Last year Berggruen’s Justice Holdings, chaired by former Labour City minister Lord Myners, was said to be considering a £1bn bid for breakfast cereal firm Weetabix, which also owns Alpen, Ready Brek and Weetos. Justice Holdings was involved in the Burger King deal.ref

Bill Ackman, Pershing Square: We participated as a Founder in Justice Holdings Ltd. by investing approximately 30% of the $1.4bn of capital raised by this London Stock Exchange listed cash shell. On April 3rd, Justice Holdings announced that it would merge with Burger King. When the transaction closes, Justice shareholders will own approximately 29% of the new company with the Pershing Square funds owning approximately 11% of the pro forma company. I am personally an investor in the 3G private equity fund that owns Burger King. To avoid the potential for any actual or perceived conflict of interest, just prior to the Justice merger, the 3G private equity fund will (incomplete) ref

SPACs have in the past decade found the flexibility of BVI corporate law advantageous and this has allowed the vehicle to evolve. Following the successful listing of Justice Holdings Ltd on the London Stock Exchange, and its business combination with Burger King Worldwide Holdings Inc, in 2013 SPAC Atlas Mara Co Invest Ltd raised gross proceeds of US$325m, including the founders' investment of US$20m.ref


ToDo: link, link, link
  • Dec.2017: The Class A voting preference shares held by Berkshire Hathaway were redeemed, thereby disinvesting BH of its stake.[2]
  • Nov.2017: Bridgepoint Capital Ltd announced an expansion of its investment in the food and casual dining sector with an agreement to take over the Burger King franchise in the UK. As part of the deal, a new UK entity "Burger King UK" was formed, with Bridgepoint as the majority stakeholder.ref,ref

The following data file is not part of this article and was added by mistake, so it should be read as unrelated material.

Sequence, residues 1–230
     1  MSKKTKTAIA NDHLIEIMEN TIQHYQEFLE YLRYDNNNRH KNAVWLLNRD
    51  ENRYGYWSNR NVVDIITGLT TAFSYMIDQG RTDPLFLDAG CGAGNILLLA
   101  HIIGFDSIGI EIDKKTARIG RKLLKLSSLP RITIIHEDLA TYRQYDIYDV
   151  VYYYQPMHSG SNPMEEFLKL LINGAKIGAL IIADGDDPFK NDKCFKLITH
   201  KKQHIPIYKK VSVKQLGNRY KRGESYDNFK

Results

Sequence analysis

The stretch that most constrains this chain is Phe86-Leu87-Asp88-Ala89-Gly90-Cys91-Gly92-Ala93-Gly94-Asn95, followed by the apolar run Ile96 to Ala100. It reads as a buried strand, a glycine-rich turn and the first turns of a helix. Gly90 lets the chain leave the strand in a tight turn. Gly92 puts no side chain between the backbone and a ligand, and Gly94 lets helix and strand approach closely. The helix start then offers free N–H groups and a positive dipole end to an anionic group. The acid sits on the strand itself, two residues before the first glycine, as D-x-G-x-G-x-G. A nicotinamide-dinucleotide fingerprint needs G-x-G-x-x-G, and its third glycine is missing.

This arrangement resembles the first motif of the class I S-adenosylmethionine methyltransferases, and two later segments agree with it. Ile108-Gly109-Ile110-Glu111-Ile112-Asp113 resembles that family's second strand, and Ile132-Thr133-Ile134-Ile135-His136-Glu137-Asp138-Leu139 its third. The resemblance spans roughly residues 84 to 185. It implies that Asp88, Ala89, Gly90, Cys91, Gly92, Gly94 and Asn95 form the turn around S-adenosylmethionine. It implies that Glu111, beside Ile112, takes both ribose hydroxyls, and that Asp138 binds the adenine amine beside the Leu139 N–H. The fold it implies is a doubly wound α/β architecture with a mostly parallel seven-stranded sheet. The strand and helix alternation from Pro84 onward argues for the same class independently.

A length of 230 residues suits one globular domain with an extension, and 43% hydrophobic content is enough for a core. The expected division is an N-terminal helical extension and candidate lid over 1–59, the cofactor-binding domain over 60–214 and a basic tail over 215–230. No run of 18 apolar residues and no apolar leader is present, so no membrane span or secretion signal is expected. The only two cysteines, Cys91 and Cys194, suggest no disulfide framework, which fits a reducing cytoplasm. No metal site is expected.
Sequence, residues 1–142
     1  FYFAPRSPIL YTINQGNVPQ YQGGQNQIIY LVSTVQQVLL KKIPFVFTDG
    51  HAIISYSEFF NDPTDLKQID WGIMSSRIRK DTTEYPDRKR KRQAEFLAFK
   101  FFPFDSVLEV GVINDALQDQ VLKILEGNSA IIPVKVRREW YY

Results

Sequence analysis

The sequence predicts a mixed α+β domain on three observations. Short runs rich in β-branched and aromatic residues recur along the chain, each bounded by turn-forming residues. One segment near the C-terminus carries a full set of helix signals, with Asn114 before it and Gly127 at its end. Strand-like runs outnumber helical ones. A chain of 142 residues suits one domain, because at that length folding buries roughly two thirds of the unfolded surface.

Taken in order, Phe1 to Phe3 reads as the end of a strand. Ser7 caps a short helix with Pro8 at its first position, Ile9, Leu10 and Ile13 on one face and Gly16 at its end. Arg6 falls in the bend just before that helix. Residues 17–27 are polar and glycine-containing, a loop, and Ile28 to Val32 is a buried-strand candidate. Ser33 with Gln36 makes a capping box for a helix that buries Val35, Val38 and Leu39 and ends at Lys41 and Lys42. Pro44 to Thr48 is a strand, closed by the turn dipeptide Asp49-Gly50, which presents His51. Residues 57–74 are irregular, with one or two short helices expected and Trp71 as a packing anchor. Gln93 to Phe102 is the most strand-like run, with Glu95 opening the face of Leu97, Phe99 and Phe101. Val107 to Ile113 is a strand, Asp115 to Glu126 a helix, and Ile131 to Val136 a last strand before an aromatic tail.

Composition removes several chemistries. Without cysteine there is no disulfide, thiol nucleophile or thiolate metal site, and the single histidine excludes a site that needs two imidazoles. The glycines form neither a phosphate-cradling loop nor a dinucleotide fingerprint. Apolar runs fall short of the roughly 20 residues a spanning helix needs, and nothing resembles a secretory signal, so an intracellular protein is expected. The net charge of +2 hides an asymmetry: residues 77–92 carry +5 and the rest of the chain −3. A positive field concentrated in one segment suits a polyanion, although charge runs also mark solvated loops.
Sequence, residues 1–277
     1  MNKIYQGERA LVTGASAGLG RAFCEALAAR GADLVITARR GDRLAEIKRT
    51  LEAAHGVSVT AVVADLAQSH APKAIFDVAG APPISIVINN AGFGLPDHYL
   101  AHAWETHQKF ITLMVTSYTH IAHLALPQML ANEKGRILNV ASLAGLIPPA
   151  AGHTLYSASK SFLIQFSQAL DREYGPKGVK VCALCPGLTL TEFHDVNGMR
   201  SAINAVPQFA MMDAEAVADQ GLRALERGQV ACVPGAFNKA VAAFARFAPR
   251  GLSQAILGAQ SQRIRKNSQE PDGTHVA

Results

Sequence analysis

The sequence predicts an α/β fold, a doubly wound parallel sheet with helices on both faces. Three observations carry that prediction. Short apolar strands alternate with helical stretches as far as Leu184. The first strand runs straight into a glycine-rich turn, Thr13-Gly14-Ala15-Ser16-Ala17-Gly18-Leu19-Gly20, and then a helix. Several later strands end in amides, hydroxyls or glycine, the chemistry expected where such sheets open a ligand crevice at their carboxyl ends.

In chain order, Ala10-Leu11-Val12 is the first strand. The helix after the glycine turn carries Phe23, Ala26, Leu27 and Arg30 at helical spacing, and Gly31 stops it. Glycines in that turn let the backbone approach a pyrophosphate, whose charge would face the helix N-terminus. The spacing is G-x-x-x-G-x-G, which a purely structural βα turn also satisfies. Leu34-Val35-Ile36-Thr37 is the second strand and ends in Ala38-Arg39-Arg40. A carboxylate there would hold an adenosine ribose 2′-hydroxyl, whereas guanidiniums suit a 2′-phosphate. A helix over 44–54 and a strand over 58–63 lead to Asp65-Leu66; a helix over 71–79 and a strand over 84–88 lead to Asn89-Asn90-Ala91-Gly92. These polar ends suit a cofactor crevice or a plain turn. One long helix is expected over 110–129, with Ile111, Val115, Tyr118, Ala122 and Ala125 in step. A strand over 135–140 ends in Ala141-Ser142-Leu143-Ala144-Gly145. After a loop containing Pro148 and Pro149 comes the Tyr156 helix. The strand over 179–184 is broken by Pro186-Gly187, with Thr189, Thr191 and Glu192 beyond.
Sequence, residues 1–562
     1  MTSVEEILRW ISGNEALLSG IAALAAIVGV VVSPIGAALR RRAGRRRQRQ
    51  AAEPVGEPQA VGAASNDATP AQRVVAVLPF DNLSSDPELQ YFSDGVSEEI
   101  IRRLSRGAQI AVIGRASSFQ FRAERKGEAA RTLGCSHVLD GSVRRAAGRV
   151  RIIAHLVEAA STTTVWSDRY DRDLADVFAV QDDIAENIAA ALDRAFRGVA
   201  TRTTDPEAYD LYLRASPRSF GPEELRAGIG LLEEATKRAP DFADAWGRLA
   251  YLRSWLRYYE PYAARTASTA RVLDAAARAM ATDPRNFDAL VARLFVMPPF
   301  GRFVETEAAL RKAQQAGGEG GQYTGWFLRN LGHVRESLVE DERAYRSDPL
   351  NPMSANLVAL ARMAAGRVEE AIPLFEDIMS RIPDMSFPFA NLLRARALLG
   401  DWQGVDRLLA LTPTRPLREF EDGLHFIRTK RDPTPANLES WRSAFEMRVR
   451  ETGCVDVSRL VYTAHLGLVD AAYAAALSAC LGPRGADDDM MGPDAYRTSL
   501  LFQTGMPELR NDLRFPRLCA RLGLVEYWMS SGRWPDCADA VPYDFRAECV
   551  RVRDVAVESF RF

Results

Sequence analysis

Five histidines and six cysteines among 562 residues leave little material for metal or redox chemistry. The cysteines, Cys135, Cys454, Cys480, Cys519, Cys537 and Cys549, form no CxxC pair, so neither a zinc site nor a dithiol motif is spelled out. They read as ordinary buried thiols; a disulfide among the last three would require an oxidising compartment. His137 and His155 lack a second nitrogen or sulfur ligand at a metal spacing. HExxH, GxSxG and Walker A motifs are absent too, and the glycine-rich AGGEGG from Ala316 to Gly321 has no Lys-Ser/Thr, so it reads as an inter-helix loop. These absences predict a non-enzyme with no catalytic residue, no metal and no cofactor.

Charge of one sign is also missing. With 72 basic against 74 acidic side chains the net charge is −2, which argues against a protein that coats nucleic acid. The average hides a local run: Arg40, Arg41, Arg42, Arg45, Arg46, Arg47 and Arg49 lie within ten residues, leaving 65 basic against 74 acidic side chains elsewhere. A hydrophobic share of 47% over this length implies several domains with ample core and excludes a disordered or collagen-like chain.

• Mar.2017: Expanded by the acquisition of Popeyes Louisiana Kitchen Inc.ref, ref
  • Dec.2014: Burger King and Tim Hortons merged, creating Restaurant Brands International Inc, in which 3G held a 51% majority stake, Tim Hortons shareholders owning 22%, Burger King shareholders 27%. Berkshire Hathaway partially funded the purchase by buying $3bn worth of preferred shares. (In Aug.2014, 3G held a 71% majority stake in Burger King).
  • Dec.2014: Burger King Worldwide Inc acquired Tim Hortons Inc.ref The merger focused primarily on expanding the international reach of the Tim Hortons brand, and providing financial efficiencies for both companies. two companies were required to agreed to maintain separate operations.ref
  • Aug.2014: Restaurant Brands International Ltd Partnership was formed as a General Partnership to serve as the indirect holding company for Tim Hortons and Burger King. The LP is a subsidiary of RBI, its sole general partner. Both entities operate under the laws of Canada.Restaurant Brands International Ltd Partnership - 2017 SEC Form 10-K & Annual Report, p.28, Feb.23.2018
  • Jun.2012: 3G took Burger King public again, by partnering with British venture capital firm Justice Holdings. (Formally known as a "special purpose acquisition vehicle", Justice Holdings is essentially a shell company with a stock listing that aims to find and merge with a privately held corporation.[4])ref, ref 3G Capital retained ~71% of the company, with Justice Holdings owning the rest.ref
  • 2011-2012: 3G Capital changed many aspects of Burger King's corporate operations. Like TPG, a new ad agency was brought in; a new manu and new products followed. Company-owned outlets were sold, to focus on becoming an exclusively franchised operation.
  • Sept.2010: 3G Capital, an American/Brazilian private equity firm, acquired a majority stake in Burger King from the consortium of TPG/Bain/Goldman. 3G delisted the company to repair its fundamental business issues without having to worry about pleasing shareholders.ref,ref
  • 2007-2010: The financial crisisWikipedia-W.svg hit the company very hard.
  • Feb.2006: A successful IPO was launched,ref with the consortium holding onto a 31% stake after the flotation.ref